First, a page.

Livestock entering Virginia have some new rules to live by.
Richard Wilkes, state veterinarian with the Virginia Department of Agriculture and Consumer Services, has announced that beginning August 15, 2012, breeding-age cattle coming into Virginia from other states must be tuberculosis test negative and be properly identified.
Imported cattle over 18 months of age without negative TB test results and proper identification will be quarantined until negative TB tests are conducted and official identification have been applied to each animal and submitted to the VDACS' regional Office of Veterinary Services. Acceptable TB tests include individual animal testing within 60 days prior to entering Virginia, or an annual whole herd test for cattle originating from TB accredited herds.
On January 18, 2012, updated regulations regarding the health requirements for importing animals into Virginia became effective. Bovine tuberculosis (TB) testing on cattle that do not originate from a TB accredited free herd, as well as official individual identification, are now required on all cattle greater than 18 months of age coming into Virginia. Between January and now, VDACS has been educating cattle producers who import breeding-age cattle of the requirement for a TB test and official identification.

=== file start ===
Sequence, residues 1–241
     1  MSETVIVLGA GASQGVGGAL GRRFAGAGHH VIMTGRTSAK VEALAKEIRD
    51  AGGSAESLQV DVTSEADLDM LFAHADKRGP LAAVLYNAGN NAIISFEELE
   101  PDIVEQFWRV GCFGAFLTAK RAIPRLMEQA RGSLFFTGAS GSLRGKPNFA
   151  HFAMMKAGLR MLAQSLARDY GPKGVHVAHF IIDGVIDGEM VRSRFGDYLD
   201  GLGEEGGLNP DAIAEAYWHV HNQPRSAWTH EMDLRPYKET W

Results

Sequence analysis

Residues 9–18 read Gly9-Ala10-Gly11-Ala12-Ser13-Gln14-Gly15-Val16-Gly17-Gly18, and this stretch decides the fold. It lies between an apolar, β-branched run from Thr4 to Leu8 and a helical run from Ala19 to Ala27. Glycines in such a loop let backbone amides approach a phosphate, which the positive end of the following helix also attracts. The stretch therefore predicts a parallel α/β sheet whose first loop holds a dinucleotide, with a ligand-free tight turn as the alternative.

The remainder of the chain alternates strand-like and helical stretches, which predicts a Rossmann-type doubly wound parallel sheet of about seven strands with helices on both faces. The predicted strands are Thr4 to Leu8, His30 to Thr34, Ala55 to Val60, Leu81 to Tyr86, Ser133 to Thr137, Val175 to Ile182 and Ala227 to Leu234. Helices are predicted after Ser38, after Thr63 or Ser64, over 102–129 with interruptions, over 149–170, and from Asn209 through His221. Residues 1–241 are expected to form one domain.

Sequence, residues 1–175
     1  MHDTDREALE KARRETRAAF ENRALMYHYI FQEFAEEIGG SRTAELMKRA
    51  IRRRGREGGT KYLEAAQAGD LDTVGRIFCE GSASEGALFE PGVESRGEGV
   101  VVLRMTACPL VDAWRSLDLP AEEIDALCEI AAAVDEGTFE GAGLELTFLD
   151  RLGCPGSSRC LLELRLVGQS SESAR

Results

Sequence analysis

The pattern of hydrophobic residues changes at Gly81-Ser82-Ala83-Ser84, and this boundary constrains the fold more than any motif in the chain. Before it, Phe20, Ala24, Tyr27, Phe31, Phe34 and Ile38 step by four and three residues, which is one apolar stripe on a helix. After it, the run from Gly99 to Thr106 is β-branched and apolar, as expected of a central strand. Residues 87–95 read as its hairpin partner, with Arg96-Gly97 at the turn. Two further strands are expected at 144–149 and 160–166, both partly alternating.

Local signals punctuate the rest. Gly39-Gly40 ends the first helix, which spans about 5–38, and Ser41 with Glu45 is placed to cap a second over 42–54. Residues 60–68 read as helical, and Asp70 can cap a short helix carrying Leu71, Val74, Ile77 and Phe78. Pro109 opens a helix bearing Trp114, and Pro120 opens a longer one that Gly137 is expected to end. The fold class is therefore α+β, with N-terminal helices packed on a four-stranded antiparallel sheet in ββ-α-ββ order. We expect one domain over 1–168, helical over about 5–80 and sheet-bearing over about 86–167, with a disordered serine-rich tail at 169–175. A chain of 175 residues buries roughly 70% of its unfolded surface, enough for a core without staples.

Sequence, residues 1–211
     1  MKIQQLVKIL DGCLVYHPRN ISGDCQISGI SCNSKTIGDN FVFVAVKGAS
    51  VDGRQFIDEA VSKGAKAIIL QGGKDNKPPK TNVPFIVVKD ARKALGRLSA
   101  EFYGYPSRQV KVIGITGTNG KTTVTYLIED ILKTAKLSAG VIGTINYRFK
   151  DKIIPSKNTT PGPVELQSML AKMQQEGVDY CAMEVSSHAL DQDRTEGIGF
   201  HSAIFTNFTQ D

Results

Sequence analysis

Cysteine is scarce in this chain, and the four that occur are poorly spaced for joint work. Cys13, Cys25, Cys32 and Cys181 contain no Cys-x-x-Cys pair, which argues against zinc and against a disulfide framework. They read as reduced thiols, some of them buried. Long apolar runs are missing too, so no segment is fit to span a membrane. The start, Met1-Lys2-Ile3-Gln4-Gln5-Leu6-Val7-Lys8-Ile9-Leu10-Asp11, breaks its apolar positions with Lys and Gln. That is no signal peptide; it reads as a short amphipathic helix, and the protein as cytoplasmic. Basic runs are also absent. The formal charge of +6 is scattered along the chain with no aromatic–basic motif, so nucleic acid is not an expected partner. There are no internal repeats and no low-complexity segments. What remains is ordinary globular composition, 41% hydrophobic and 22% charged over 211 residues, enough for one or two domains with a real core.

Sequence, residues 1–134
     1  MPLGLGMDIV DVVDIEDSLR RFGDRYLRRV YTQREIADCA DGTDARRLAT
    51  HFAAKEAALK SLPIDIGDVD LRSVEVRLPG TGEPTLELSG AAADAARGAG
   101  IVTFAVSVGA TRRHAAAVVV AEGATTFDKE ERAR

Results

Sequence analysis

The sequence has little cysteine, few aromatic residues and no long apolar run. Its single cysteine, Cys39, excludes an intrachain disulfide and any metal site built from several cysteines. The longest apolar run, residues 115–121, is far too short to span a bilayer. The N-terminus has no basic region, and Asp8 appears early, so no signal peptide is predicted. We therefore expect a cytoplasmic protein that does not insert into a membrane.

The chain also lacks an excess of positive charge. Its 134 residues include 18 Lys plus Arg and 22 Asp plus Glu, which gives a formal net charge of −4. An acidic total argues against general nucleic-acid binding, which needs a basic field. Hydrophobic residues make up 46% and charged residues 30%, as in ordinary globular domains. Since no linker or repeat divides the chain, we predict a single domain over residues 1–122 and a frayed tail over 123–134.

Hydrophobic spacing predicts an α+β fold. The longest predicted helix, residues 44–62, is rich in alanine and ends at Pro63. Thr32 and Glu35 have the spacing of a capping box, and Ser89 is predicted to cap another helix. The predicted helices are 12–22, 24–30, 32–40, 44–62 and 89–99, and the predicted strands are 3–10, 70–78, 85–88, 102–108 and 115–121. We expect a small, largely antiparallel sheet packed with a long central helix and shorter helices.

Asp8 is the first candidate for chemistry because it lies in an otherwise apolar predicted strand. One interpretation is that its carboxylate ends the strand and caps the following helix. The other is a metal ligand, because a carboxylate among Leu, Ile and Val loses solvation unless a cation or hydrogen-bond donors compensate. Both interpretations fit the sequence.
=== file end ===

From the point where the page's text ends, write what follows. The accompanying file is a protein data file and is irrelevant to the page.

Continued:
Bovine TB was once the most prevalent infectious disease in the U.S. In fact, in the early part of the 20th Century bovine TB caused more losses among U.S. farm animals than all other infectious diseased combined. However, through diligent and cooperative efforts beginning in 1917, the U.S. Department of Agriculture has nearly eradicated bovine TB from the nation's livestock population.
Still, although the disease has nearly been eradicated, within the last several years, TB has been newly diagnosed in at least 10 states that were once considered to be TB free. The new efforts are designed to make sure the disease is kept out of Virginia's livestock. Among other reasons, VDACS says this is critical so that Virginia's ability to market animals as coming from a TB-free state are not jeopardized.